He claimed that since $\mathrm{det}\left(Df\left({x}_{k}\right)\right)\ne 0$ for all $1\le k\le M$, then the homoclinic orbit is transversal in the sense that f for all $k\le M$ is 1-1 map in a neighborhood of ${x}_{k}$.

As Marotto explained in 1978, the condition $\mathrm{det}\left(Df\left({x}_{k}\right)\right)\ne 0$ guarantees the existence of the inverse of ${f}^{M}$ in ${B}_{{r}^{\prime }}\left(z\right)$. He mentioned that functions exhibit chaos and complex behavior when they possess snap-back repeller.

But what will happen that existence of a transverse homoclinic map convince us that we have chaos? As it is mentioned by many authors, a point which is in intersection of stable manifold and unstable manifold of a hyperbolic fixed point is called homoclinic point      . If stable manifolds and unstable manifold of the hyperbolic fixed point, intersect transversally, then we have transverse homoclinic point in the intersection of both manifolds. In a neighborhood of a transverse homoclinic point, our map possesses an invariant cantor set on which it is topologically conjugate to a shift map. Shift map acting on the space of bi-infinite sequences of 0’s and 1’s and it has the following properties:

A countable infinity of periodic orbits consists of orbits of all periods.

1) An uncountable infinity of non-periodic orbits.

2) A dense orbit.

Although, Wiggins in  mentioned that understanding the orbit structure of a map in that invariant Cantor set is impossible, he could show that the map in that invariant set behaves the same as shift map.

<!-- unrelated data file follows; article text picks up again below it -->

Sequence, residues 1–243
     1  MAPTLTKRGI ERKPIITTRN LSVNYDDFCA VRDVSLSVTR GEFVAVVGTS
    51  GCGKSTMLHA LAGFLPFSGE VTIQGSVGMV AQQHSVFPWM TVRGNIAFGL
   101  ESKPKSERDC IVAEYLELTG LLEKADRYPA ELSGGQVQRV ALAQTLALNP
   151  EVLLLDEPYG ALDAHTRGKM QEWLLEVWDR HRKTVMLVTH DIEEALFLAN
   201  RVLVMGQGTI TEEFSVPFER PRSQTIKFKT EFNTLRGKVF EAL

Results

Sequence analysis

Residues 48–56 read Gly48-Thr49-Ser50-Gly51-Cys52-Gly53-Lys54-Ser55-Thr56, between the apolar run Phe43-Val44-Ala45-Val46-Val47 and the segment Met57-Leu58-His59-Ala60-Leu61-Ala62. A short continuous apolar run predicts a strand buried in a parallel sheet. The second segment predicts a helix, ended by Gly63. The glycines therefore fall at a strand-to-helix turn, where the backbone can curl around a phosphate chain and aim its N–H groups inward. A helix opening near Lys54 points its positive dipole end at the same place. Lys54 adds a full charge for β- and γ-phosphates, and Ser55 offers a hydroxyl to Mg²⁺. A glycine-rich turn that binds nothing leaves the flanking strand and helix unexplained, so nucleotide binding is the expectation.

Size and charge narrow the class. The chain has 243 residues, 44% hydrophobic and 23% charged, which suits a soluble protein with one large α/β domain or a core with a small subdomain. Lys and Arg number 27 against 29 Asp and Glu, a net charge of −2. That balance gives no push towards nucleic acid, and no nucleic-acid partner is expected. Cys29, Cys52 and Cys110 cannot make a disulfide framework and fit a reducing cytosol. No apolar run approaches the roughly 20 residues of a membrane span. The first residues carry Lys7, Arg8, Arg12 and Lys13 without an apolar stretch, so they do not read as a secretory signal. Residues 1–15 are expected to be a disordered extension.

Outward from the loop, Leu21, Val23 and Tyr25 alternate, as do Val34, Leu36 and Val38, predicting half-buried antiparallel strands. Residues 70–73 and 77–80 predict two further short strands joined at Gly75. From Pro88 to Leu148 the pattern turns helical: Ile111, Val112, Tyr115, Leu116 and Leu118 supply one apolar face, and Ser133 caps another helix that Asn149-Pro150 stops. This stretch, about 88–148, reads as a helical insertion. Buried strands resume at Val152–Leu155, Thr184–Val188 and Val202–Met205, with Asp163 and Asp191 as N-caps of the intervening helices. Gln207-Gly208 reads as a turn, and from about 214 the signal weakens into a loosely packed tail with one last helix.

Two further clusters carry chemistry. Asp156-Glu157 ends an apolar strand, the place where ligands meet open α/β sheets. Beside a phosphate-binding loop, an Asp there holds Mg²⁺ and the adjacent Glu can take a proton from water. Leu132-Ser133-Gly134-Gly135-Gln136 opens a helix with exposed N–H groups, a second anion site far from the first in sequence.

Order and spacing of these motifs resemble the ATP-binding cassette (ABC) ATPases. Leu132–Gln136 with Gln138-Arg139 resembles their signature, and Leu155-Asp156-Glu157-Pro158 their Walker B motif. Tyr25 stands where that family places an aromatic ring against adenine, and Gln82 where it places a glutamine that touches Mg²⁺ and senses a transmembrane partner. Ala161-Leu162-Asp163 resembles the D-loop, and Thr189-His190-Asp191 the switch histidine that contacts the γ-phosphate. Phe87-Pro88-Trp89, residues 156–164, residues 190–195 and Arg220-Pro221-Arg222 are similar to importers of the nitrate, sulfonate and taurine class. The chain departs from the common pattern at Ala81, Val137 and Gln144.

There are some researches which have more details about small neighborhood of a point on the homoclinic orbit     . The homoclinic orbits and homoclinic bifurcations which occur in continuous time dynamical systems has been studied widely by   are using in discrete time systems by defining the Poincare map . In 2011, L. Gardini et al. showed that critical homoclinic orbits lead to snap-back repellers and chaos too .

As Gardini et al. discussed, in non-invertible maps homoclinic orbits may be associate with expanding fixed points and or expanding cycles. Also, they mentioned that in the neighborhood of such homoclinic orbits, there exists an invariant set on which the map is chaotic. They even for the case that They proved that even if $\mathrm{det}\left(Df\left({x}_{k}\right)\right)=0$, there are some situations in which the map is chaotic although Marotto theorem does not work. Laura et al., provide a definition for non-critical expanding fixed points and then they defined when a homoclinic orbit is critical. They used those definitions to prove a generalization of Marotto theorem in the case that we do not need the homoclinic orbit to be non-degenerate :

Theorem 1.6 (L. Gardini. et al., (2011)) Let f be a piecewise smooth non-invertible map, $f:X\to X,\text{ }X\in {ℝ}^{n}$. Let p be an expanding fixed point of f and $O\left(p\right)$ a noncritical homoclinic orbit of p. Then in any neighborhood of $O\left(p\right)$, there exists an invariant cantor like set $\Lambda$ on which the f is chaotic .